The article does not say STA Travel have no liability for their misleading adverts, it just says Google *do* have responsibility for publishing misleading adverts.
They both were naughty.
I presume STA Travel were charged separately.
In this specific example it was clear cut that the ad was meant to steal traffic away from a rival travel agency by trying to pass off as them. But unfortunately this ruling probably means bigger companies are now going to go after the little guys that may use a fairly generic but still brand name in there ads. Example would be a small company that specialises in selling used HP servers, printers etc so obviously uses the word HP in its ads. Next HP come along and takes them to court and because of this recent ruling wins the case because they are seen as being misleading with their ad.
@ mark l 2 09:10
Nope, because the reseller is legally selling products that uses that keyword.
How did STA Travel propose to sell a "Harvey World Travel" anything? "Harvey World Travel" is not the name (in part or in whole) of any product that STA travel could legally offer.
How can Google police this
If I buy billboard space and put a poster up saying a certain brand is bad is the owner of the billboard liable for the trademark infringement. Sounds like it could be in Australia.
To me it's the responsibility of the company placing the ad to not do anything illegal and like all trademark holders, it is up to them to monitor and defend their trademark.
To make sure no trademarks are used incorrectly I'd expect Google would have to hold a full, complete and up to date list of trademarks for all companies and individuals worldwide which they would then need to search each time an ad is created and compare the results to the trademarks owned by the company/individual created the ad.
What about trademarks that are stylized versions of words and sentences. Only the whole graphic is trademarked and not the individual words. How would this be figured out.
Re: How can Google police this
Absolutely it is the responsibility of the company placing the add to not do anything illegal.
But that doesn't mean Google (or the billboard owner) can take money if they *know* that the ad is illegal. In the case of the Billboard it is maginally feasible that the owner didn't see the poster before it went up (But who actually puts up the posters on the billboard? I assumed it was the board owner or their agent.) In the case of Google there is no way that Google is not *aware* of the *keywords* of the ad.
Therefore Google are aware of the illegal nature of the ad, and still took money. Do No Evil!
If somebody comes into your shop and says "I want to buy a knife to kill my wife" and you then sell them a knife (or any sharp edged implement) you are likely to end up facing serious jail time. In fact, in Australia you are legally obliged to inform the police that somebody was attempting to commit an illegal act.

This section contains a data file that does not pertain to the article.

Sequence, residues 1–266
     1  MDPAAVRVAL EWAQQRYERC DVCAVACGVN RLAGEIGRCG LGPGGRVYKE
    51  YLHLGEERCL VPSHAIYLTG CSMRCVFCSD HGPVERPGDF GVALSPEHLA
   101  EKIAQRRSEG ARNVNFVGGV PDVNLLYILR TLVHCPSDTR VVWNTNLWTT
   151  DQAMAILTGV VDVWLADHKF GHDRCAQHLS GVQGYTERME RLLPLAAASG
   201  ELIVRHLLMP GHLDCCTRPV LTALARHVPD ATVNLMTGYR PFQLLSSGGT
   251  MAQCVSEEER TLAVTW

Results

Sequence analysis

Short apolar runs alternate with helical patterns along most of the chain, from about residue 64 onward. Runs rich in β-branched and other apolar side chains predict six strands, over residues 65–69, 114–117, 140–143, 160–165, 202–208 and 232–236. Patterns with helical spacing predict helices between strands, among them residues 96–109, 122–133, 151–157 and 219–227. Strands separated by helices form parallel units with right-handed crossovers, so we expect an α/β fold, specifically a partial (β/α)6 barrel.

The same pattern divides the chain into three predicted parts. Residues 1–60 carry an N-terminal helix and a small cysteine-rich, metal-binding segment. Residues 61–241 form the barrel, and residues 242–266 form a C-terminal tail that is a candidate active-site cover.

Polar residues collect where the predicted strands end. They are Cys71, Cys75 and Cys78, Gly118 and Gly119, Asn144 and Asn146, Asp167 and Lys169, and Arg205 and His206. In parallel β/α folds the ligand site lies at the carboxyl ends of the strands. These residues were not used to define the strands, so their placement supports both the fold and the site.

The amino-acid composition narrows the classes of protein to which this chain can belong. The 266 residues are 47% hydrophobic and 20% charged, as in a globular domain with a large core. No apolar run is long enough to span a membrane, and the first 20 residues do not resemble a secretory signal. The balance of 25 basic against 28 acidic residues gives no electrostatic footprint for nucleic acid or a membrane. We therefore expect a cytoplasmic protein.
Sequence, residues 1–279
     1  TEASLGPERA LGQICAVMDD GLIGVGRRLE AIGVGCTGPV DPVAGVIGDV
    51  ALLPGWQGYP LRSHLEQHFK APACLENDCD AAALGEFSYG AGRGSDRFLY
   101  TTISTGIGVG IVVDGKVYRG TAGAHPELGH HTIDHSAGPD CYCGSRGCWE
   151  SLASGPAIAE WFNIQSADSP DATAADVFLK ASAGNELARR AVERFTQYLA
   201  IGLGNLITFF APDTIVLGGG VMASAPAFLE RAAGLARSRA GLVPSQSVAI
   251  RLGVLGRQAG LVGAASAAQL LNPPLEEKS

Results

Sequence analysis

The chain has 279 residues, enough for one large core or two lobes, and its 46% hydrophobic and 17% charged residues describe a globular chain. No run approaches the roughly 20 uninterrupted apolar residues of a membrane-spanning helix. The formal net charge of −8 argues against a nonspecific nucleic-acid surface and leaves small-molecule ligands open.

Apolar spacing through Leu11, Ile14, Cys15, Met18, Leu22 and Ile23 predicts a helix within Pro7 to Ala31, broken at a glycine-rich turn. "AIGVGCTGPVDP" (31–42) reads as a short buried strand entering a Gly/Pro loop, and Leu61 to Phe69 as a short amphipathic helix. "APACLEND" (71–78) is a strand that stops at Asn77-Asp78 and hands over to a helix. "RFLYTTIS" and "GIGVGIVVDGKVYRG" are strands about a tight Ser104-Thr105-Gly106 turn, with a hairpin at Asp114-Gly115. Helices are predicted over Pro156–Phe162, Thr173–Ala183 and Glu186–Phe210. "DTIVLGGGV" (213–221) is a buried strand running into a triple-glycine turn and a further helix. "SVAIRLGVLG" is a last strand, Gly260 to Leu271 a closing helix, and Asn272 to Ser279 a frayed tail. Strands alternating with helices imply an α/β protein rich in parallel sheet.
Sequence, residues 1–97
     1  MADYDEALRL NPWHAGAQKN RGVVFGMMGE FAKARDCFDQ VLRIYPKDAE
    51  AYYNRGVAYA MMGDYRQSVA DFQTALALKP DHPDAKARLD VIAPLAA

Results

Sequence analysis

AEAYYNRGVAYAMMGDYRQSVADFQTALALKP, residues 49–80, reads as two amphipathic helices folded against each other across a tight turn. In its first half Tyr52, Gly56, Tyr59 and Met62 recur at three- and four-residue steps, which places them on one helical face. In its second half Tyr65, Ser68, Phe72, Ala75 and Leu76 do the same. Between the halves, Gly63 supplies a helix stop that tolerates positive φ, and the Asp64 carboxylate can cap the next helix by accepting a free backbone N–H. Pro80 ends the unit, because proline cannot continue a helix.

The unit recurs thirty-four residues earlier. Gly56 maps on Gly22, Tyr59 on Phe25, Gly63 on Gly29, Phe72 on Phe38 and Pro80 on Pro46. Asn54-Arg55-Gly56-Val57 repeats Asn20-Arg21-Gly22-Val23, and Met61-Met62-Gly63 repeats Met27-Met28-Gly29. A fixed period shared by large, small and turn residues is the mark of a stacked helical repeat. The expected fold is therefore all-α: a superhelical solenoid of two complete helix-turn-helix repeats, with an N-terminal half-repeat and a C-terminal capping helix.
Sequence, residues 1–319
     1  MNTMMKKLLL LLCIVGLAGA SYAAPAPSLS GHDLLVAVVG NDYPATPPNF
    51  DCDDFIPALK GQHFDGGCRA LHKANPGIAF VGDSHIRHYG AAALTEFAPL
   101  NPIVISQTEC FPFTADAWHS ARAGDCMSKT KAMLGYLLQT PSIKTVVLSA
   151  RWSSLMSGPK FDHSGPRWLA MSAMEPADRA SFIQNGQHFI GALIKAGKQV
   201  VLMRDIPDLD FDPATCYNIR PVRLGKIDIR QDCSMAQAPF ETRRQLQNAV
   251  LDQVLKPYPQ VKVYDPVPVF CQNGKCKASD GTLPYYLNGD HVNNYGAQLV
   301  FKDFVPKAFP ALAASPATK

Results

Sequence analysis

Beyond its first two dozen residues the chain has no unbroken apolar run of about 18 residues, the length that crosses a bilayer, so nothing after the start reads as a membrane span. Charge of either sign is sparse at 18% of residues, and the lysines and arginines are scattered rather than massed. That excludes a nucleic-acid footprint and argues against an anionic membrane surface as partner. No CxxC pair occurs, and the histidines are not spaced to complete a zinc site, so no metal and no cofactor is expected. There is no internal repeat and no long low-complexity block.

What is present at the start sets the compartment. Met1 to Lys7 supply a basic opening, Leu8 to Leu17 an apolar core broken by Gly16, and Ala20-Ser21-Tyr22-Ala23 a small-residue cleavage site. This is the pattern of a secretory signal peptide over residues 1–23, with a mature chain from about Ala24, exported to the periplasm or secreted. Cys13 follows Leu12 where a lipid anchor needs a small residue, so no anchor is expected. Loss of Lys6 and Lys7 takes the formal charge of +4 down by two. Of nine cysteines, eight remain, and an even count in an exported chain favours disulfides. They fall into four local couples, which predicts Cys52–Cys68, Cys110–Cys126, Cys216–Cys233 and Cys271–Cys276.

Why can't Google make their results useful?
Strip out result from other search engines and "garbage" sites like price comparison sites etc.
I'm sure their used to be an option to do this... -garbage or something like that
Also, if I type in the name of any company, can the top result always be that companies homepage? It can't be that difficult can it - I mean - it's almost always what your after when you just type the companies name?
Re: why can't
Google "personal blocklist". Not quite what you want, since you have to train it yourself. Still, you'll only be annoyed once by each offending domain/host.
Already held responsible...
I would have thought that Google's responsibility for its advertisers had been established when they agreed to the $500,000,000 settlement with the Feds about ads for counterfeit and prescription drugs.
(As an aside, there is evidently now some problem with Google profiting from advertising related to human trafficking. It will be interesting to see how this develops...)
Re: Already held responsible...
Different country; Different Laws; Different company even. So no, that is not strictly relevant.
But yes, the same principle applies.
fits the bill ...
... for ones I agree ... Google is going down a slippery path (while used to be exceptionally decent) ... have a go and see for your self, google "avast" (a virus scanner) and you'll get, on top, AVG (a competing virus scanner) ... I know, the top section is reserved for ads, is labeled and background color marked ... but just ... barely distinguishingly from the search results ... well, this fits the bill for me ... Google ads 'misleading and deceptive' ... and this is very sad ... Google is a great and innovative company and does not need this kind of "white collar" recklessness ...
My pet hate for misleading/deceptive Google ads
are the big green graphic "download" buttons which appear typically on the download pages for legit shareware, but are nothing to do with the page-author's content but are in fact an 'advert' which links you to software/malware unknown...
"[Google] feels it is unfair it is held responsible for advertisers' actions"
Google needs to shut up and put up. A dead tree publication could never pull that off, why should Google be allowed to ?
Google without the Adds
http://www.givemebackmygoogle.com/ filters out the price comparison and most of the Crapware. Still have to put up with the paid advertising, that I have trained my eyes to avoid.
I want more comptition
I like to see competing brands when I search for a generic product where I only know the brand name.
I like to see competing brands when I search for a generic product where I know a specific example.
I think that the legal monopoly rights our legislation gives to companies should try to achieve moral and ethical social benefits. I don't take it that those always coincide with the narrow interest of particular travel agencies or car manufacturers, and I particularly object to being told that I can't use the interenet to ask an obvious question like
"Have you got anything like a Toyota Corrola?"